Your dedication in Totally JoeM is for Mark.  And so is this book.  Totally.  How has finding your Zachary changed you? [Note: Zachary is a boy that Joe Bunch meets in the novel.) My background is so complicated it often confuses people.  I was married twice to women.  I wrote Bunnicula with my first wife and had a daughter with my second wife.  And now my partner is a man.  Mark and I have been together for nine very happy years.  I loved both women I married, but there was always a part of me that was missing in the relationship – a significant part that couldn’t be there because my partner, through no fault of her own, was simply the wrong gender.  Having found the person I was really meant to be with has enabled me to be fully present, to be fully relaxed and at peace with myself and in my relationship at last.  To describe this feeling as joyful or content doesn’t begin to cover it.  It’s a feeling of being whole.  As time that goes on, I get angrier at people who are so willfully ignorant and hateful that they would deny us our rights and in doing so attempt to deny our very existence and our full capacity to love ourselves and one another.  Having “found my Zachary,” as you put it, means that I can balance this anger with a deeper grounding of love and gratitude.  It means that as frustrated as I may be at injustice and the snail’s pace of progress, I can still wake each morning next to the person I was born to love.

    Jim’s new book, Addie on the Inside, is scheduled for publication Summer 2011, along with a 10th anniversary edition of The Misfits. I can’t wait to see the Gang of Five again, this time through the eyes of the political powerhouse Addie.

    [tweetmeme source="JanetTrumble" only_single=false]


    James (aka Jadon) Howe fesses up to autobiographical elements in Totally Joe

    In Part I of my interview with author James Howe (The Misfits, Totally Joe), Jim acknowledges that character Joe Bunch (Totally Joe) is, in fact, a rewritten version of himself (only, he insists, "[I was] nowhere near as outrageous or brave”). So I had to ask: "Just how much of Joe’s experience is drawn from your own adolescence?" I presented him with a list. His responses are honest, funny, poignant, and Totally Jim! Here's Part II of my interview:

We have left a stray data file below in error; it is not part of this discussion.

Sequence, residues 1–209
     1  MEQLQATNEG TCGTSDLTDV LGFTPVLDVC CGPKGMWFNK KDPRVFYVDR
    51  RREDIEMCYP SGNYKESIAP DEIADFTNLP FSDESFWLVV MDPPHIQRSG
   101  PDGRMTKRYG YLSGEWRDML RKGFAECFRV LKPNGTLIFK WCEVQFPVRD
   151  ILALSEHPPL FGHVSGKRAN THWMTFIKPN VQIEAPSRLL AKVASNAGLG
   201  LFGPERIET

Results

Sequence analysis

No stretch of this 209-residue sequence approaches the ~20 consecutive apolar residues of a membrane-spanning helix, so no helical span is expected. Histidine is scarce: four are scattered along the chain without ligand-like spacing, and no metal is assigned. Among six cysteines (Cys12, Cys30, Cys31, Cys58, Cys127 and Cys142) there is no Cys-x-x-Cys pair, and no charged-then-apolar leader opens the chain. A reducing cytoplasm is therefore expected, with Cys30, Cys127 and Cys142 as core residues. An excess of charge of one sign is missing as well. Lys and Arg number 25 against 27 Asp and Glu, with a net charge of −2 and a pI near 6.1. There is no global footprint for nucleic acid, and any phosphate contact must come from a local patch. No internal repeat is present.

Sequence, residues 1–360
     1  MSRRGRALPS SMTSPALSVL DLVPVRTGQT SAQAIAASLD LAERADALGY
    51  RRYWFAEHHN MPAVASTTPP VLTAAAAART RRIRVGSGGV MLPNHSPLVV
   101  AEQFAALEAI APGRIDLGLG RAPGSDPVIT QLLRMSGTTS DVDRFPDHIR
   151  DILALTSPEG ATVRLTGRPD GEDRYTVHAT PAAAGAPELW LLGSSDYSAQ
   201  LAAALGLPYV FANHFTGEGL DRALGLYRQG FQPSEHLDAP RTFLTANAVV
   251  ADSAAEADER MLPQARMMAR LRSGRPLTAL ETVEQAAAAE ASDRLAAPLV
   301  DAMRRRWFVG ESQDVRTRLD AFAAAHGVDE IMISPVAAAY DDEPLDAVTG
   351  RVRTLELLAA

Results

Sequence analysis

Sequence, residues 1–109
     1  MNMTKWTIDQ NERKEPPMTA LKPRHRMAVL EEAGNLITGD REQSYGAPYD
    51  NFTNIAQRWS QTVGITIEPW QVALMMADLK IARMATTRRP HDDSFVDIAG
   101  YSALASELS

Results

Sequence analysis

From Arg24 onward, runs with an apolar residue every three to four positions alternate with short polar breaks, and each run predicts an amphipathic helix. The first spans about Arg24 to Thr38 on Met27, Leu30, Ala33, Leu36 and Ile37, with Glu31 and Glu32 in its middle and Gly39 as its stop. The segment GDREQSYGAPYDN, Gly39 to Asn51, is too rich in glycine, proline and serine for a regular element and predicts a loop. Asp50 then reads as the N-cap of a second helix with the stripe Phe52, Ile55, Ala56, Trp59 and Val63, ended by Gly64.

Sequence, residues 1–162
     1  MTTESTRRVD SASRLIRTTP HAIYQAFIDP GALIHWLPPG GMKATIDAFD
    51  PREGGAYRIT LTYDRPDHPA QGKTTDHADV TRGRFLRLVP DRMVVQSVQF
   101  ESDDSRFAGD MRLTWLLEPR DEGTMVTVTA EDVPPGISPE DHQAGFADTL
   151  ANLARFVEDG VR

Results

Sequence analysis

Easy-Bake Oven phase? Not.  I got the idea of the Easy-Bake Oven from a book I read called Born Gay: Mom should have known when … I couldn’t believe how many gay men had Easy-Bake Ovens when they were little.  It was almost a rite of passage.  So of course Joe had to have one.

    Dresses and heels? Do I have to tell?  Okay, fine, I was a bit of a cross-dresser.  My mother let me have her hand-me-downs, just the way Joe’s mother does.  I think I had a dress-up trunk, but it was not called a “mannaba.”  I have no idea where I came up with that!

    Barbies? Like G.I. Joes, Barbies were a little after my time, though I would have undoubtedly been into them big-time if they’d be around.  I did play with dolls.  I had a favorite (whose name I can’t recall) (told you I love parentheses) who wore a beautiful wedding dress.  Which leads us into …

    Wedding obsession? My oldest brother was married when I was seven.  I fell head over heels in love with my new sister-in-law and the whole idea of getting married.  I insisted my favorite doll had to have a wedding dress.  Since there were no store-bought wedding dresses available, my mother had one made.  The wedding dress story in Totally Joe is totally autobiographical.